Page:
Benji’s surgery is a big one. “The biggest impact for him is that he will need to regenerate and regrow half of his liver,” Dr. Eksteen says. “Your body needs a lot of energy to do this, and there will be an increased demand on his body during this time.”

“Lisa will have a much tougher time of it,” he adds. “It’s a very, very big surgery to get through for somebody who’s already sick from liver disease. Her chance of not surviving is about 12 per cent, and there is a 20 per cent chance of very significant complications such as infection and rejection, to the liver just not working.”

It will take a year after the transplant before Lisa is fully healthy. “This will place additional strain on the pair of them,” says Dr. Eksteen. “Benji will be tired and not where he was for six months, and he will need to care for her for another year. They will need supportive family and friends.”

This support appears to be in place. Dawn will stay with them in Edmonton and Calgary as a support person, as will Benji’s mom, Loreen Husband of Dauphin. This means considerable time away from work, but both say they have very understanding employers who are willing to accommodate their needs and absence.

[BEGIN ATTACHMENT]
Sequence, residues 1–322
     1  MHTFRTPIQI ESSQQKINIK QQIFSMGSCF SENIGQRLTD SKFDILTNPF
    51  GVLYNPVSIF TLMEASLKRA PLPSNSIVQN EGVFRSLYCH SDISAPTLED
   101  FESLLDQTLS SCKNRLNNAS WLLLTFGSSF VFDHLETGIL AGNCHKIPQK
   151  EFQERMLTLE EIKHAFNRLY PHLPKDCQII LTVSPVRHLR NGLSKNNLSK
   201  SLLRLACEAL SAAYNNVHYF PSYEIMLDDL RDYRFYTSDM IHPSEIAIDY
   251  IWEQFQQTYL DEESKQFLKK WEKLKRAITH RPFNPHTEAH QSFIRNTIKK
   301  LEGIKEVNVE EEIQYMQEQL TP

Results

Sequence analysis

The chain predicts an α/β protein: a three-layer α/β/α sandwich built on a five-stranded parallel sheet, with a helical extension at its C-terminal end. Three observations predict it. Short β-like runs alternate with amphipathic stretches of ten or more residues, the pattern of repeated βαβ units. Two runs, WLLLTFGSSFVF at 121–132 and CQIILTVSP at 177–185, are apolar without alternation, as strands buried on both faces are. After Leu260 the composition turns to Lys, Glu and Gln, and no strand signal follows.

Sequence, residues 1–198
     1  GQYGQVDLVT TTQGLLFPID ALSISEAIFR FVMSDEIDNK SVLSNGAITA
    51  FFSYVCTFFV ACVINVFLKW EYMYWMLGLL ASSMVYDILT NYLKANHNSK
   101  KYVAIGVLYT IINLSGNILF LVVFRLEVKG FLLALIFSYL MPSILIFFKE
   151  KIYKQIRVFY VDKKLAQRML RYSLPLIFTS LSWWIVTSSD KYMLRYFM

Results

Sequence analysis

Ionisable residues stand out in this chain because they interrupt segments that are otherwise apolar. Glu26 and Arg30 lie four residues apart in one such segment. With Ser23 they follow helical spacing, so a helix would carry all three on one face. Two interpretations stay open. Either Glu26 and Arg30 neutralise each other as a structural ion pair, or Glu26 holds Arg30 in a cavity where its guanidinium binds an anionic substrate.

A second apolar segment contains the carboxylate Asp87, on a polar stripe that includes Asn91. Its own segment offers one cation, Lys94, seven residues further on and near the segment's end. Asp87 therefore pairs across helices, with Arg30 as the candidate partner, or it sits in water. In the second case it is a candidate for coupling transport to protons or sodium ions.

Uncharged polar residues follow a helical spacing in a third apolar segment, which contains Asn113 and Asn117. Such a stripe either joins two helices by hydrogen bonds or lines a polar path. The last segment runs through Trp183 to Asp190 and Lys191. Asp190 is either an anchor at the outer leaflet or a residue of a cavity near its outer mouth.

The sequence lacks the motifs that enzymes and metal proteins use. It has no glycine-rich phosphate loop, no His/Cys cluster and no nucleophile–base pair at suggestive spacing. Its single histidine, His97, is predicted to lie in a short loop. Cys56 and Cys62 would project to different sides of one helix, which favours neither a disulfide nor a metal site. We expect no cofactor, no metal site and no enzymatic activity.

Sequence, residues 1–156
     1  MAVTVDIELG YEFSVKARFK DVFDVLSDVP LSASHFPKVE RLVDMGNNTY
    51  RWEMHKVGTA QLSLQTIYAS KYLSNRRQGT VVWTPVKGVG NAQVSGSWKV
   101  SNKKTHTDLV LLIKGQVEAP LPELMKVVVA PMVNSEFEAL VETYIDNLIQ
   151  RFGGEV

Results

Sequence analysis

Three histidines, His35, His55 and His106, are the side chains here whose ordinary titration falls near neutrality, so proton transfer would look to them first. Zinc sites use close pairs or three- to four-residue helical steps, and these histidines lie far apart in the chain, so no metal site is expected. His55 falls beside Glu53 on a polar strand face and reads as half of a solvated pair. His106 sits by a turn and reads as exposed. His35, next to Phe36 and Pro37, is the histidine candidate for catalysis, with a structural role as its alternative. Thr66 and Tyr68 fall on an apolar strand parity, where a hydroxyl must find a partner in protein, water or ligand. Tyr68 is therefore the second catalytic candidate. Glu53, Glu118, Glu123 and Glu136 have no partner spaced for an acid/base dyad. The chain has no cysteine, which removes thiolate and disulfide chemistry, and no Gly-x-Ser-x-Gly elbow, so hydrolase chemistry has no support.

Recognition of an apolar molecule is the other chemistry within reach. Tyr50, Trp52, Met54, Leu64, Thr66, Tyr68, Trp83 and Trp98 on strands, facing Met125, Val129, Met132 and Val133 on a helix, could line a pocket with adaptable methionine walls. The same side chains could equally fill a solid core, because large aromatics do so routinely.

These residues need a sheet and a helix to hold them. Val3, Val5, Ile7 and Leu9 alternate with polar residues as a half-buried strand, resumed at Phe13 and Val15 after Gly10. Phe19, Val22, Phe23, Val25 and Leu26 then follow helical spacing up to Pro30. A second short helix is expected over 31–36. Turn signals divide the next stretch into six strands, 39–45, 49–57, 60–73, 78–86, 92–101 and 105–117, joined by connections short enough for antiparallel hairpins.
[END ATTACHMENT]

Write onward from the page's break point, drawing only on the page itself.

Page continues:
“I think about it every day. It’s pretty scary to see two of them going in at the same time, but I know they are in good hands,” Dawn says. “We can say we’re strong moms all we want, but those will be our babies in there, and somebody’s going to need to pick us up when we fall.”

“Because it’s a severe disease over a long period of time, it often leads to the breakup of families, loss of friendships and breakup of marriages,” says Dr. Eksteen. “Leading up to a transplant, people often ail for many years. It’s also financially penalizing, which places huge stress on the family.”